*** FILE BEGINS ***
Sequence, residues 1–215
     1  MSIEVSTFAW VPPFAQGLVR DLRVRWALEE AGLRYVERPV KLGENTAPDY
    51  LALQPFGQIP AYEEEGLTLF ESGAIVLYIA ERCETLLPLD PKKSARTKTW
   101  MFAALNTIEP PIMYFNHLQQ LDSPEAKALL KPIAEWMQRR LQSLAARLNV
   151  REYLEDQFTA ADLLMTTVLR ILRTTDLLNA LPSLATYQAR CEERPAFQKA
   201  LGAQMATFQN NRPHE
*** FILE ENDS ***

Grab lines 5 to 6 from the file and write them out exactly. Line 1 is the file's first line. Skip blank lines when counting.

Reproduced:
   151  REYLEDQFTA ADLLMTTVLR ILRTTDLLNA LPSLATYQAR CEERPAFQKA
   201  LGAQMATFQN NRPHE